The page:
I keep promising to do better and Achieve Things here, don’t I?
Ah, well. I make the same promises at Weightwatchers every week, and I haven’t shifted a single pound since October. Or, leastways, I have – all the 10 pounds I gained in the festive interim. Christmas represents, in the weightloss battle, a bloody big snake. I’ve clawed my way back up the ladder to exactly what I weighed last time I mentioned it. I have re-joined the gym in a mutinous fury, ostensibly with my own metabolism, but knowing full well that the problem is my congenital sweet tooth coupled to my engrained belief that a meal should overflow the plate all around the rim.
I have some vague intention this morning of delivering a Hairy update, so I could then – theoretically - resume blogging without having to retrack and explain things.
So. I have seen a near-perfect job advertised, and am oscillating madly between brooding gloomily what my chances of getting it are, and telling myself that if this one doesn’t pan out there Will Be Others. The pay is atrocious, naturally, but I think John would just be delighted to see me doing something. I was chuntering on about the parlous state of my personal employment nation the other morning, and he said – fairly kindly – ‘Yes, but you’re a wordy eccentric who can’t get up in the mornings.’
Sadly, he is bang on the money. Or, more precisely, on the reason why I will never have any.
Neither will he, much, if this agricultural year continues on its trajectory towards Noah’s flood. We have planted almost nothing, which is virtually unheard of in living memory. Whatever did get drilled, locally, rotted forlornly in the ground. So, already in the red for seed and tractor diesel (both for sowing it and ploughing the ground up again after it failed) Midlands farmers are looking likely to have a quiet year. Potentially this means John will have an unprecedented amount of free time this spring/summer, but it will doubtless be too soggy to take the caravan anywhere. I feel meteorologically Picked On.
Harry continues to be Ace, with a huge side order of Impossible. I spent a humiliating 40 minutes sobbing in front of the Headteacher and SENCo a fortnight ago, trying desperately – and futilely – to mentally regroup after they warned me that Harry’s funding (which buys him 10 hours a week of one-to-one teaching assistant time) will dry up like spit on a stove at the end of March. The school have promised me – possibly to save their carpets from saltwater damage – that they will continue the input from their own budgets until the end of the summer term, but the thought of the next academic year makes me panicky. I am PTA chair (and, of late, an unpaid TA when teachers are under the cosh): I regularly hear things about the school budgets that depress me.
My belief that Harry’s overall trajectory will be a fiery trail of glory remains undimmed, but he does, currently, blatantly present several overlapping Specific Learning Difficulties to us. The Educational Psychologist that could unpick the exact nature of these issues is charged by our County to the School at £250 an hour. The school feel that £250 is better spent on TA time than psychology, and I broadly agree with them: whatever Harry’s diagnosis and recommendations, all the school are likely to be able to practically implement is similar to what he already has: targetted individual learning time to maximise his concentration and progress.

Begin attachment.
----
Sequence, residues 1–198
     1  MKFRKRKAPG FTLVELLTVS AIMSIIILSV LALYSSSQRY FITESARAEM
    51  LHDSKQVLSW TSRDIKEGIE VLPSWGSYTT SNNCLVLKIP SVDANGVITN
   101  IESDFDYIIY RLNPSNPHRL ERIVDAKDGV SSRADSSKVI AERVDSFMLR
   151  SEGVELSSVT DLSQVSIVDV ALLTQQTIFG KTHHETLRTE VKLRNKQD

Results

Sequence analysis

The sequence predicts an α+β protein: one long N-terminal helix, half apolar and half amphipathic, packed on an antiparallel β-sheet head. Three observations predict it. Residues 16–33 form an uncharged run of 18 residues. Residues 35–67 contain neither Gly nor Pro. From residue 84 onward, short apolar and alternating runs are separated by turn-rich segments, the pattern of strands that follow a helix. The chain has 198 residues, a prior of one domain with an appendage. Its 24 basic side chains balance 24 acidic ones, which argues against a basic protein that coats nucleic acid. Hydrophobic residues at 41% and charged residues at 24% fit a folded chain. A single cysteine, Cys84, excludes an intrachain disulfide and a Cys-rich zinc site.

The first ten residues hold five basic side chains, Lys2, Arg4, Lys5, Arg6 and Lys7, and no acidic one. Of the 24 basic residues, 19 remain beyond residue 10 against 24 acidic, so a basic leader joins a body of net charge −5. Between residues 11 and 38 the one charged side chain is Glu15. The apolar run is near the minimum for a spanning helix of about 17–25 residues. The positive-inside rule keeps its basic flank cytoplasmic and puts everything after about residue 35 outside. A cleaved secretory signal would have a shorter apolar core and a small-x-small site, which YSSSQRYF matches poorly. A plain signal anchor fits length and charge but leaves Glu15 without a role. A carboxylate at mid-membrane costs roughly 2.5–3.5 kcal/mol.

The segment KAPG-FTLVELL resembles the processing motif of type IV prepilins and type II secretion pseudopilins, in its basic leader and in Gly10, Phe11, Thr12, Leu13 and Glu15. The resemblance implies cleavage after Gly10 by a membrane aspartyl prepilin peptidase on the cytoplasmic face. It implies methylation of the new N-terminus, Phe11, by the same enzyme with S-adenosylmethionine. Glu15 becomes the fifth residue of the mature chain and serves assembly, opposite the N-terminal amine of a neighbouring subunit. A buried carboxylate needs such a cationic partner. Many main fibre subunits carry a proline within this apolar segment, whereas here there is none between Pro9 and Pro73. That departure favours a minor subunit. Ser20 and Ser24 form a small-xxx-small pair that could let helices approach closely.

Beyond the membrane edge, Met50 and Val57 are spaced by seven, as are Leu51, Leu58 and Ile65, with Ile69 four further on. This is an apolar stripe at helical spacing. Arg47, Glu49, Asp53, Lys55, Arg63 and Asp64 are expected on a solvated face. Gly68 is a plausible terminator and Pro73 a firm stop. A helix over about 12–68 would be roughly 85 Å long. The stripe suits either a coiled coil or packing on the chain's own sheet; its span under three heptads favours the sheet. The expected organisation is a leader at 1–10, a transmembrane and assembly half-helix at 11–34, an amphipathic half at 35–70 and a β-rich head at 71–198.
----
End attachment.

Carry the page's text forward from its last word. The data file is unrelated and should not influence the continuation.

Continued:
Of course, they don’t altogether see what we see. School are confident that, although failing a little (Harry is ‘below expectations’ in nearly every area) he will continue to make good progress. They highlight his high scores for IQ and reassure me. I know they think there are other children in his class who need individual help just as much as Harry does, or possibly even more – and don’t get it, because they aren’t statemented, and Harry currently is. (Only for speech, alas, which is why he is losing it in March. We can’t shut the bugger up.) They expect he will overcome his difficulties with learning. I share their long-term confidence, but he is becoming rapidly disaffected with learning now, this minute, even with help, because learning with a SpLD means working twice, three, four times as bloody hard for a poorer result – and I’m grimly aware that next year, with no external funding, the battle will be between me and the school. He is my super-special-precious-snowflake, and I am not as sanguine as they are. Hence, I feel that we are likely to obtain a privately funded EdPsych report before next year, to tell me exactly what I need to pester the school to provide for him – in the sinking knowledge that they have to share scant resources among many pupils with need, and I will be the squeaky wheel expecting grease. Which feels wrong, but else can I do?